The following table compares the carb content, fiber, protein (in 100 g), and glycemic index of the four main types of oatmeal.
|Type of Oatmeal||Carbs (g)||Fiber (g)||Protein (g)||Glycemic Index|
|Plain instant oats||69.5||10||11.9||50|
|Steel cut oats||67.5||10||12.5||42|
As you can see from the table above, quick oats have the highest glycemic index. This makes them the fastest digesting from the oatmeal family. On the other hand, steel-cut oats have a lower glycemic index, which makes them the slowest digesting.
Also, the table above shows the glycemic index for plain instant oats. Flavored instant oats that contain a lot of sugar have an even higher GI of 79, meaning they’ll digest quickly and won’t keep you full for long.
Glycemic Index of Oatmeal and Other Carbs
How does oatmeal compare to other types of carbs?
The following table shows the glycemic index of different types of carbs.
While steel-cut oats are the slowest-digesting type of oatmeal (with a GI of 42), they are faster digesting than some other carb sources like barley.
The same with quick oats. While quick oats (with a GI of 66) have faster absorption than steel-cut oats, they have slower digestion than white bread or potatoes.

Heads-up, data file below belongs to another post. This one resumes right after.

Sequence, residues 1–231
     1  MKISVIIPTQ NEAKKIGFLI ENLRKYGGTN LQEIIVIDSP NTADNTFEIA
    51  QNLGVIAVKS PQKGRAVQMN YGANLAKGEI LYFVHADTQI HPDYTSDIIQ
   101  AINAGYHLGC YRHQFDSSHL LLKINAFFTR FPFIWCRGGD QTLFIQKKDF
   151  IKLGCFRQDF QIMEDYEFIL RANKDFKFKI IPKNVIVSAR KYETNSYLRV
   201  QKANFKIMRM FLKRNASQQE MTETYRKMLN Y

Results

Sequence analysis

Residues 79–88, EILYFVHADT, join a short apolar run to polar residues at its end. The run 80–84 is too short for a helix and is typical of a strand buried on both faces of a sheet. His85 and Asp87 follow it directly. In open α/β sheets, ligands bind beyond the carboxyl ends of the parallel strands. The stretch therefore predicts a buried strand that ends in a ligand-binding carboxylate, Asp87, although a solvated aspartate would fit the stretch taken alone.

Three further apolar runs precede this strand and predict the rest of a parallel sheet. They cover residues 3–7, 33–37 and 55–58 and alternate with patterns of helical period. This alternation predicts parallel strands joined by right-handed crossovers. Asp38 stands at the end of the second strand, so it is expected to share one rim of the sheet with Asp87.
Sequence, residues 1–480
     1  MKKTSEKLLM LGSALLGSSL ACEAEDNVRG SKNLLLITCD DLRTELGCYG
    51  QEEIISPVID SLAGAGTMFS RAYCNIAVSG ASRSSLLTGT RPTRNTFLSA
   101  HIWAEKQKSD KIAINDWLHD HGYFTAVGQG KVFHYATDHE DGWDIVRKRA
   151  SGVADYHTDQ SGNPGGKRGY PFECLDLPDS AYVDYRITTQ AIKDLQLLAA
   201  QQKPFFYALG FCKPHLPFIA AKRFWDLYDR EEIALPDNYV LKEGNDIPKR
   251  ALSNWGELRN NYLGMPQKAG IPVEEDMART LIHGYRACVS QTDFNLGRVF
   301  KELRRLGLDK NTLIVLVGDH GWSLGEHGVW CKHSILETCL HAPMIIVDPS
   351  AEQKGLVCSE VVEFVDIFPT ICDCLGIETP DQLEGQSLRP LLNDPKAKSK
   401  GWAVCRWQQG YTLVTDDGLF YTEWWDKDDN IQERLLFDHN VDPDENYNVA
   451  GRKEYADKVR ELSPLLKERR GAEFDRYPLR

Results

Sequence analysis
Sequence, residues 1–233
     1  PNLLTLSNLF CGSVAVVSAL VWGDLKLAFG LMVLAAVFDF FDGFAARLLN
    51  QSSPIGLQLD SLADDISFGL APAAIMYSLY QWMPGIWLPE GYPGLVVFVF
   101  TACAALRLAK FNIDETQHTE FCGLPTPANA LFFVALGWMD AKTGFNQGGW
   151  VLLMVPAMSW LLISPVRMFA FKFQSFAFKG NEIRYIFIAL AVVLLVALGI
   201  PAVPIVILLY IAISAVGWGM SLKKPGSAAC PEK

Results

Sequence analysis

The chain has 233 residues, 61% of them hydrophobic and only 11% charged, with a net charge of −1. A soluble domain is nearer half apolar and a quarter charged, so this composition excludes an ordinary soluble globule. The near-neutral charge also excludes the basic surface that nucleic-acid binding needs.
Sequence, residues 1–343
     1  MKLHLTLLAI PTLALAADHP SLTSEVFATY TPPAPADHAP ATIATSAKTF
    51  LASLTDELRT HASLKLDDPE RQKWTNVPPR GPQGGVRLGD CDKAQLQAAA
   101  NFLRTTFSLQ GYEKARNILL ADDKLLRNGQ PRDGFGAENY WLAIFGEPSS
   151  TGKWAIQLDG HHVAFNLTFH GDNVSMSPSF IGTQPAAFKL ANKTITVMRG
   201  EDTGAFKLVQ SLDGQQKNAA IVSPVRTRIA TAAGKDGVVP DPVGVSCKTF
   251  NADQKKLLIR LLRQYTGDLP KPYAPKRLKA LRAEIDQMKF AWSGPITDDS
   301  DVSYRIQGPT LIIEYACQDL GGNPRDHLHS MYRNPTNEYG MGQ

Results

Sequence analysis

- If you want to know which other foods are fast-digesting, check out the article: What Are Fast-Digesting Foods? 10 Examples and When to Eat.
Benefits of Eating a Slow-Digesting Carb Like Oatmeal
1. Provide Long-Lasting Energy
One of the benefits of slow-digesting carbs is that they provide long-lasting energy. Since they take longer to digest, they release glucose (sugar) slowly.
This means that instead of getting a sugar rush and crash (like you would with refined grains like white bread), you get a more stable energy release.
Having more stable glucose levels can give you more energy throughout the day and help you avoid fatigue.
For these reasons, slow-digesting carbs like oatmeal are better for people with diabetes or those who aren’t physically active and don’t need quick energy sources.
2. Better for Weight Loss
Thanks to its high fiber content, oatmeal stays longer in the stomach. This increases your fullness levels. If you are less hungry throughout the day, it is easier to be on a caloric deficit (eating fewer calories than you need to maintain weight), leading to weight loss.
Also, the fuller you feel, the less likely you are to snack throughout the day and have smaller portions in your meals. Indirectly, this leads to a caloric deficit without you noticing.
- Related Article: Is Bread A Fast Digesting Carb
Drawbacks of Eating a Slow-Digesting Carb Like Oatmeal
1. It Won’t Give You Fast Energy
If you are looking to add a carb before your workout to provide you with energy, slow-digesting carbs are not the way to go. Since they take longer to digest, they won’t give you the energy you need before a workout.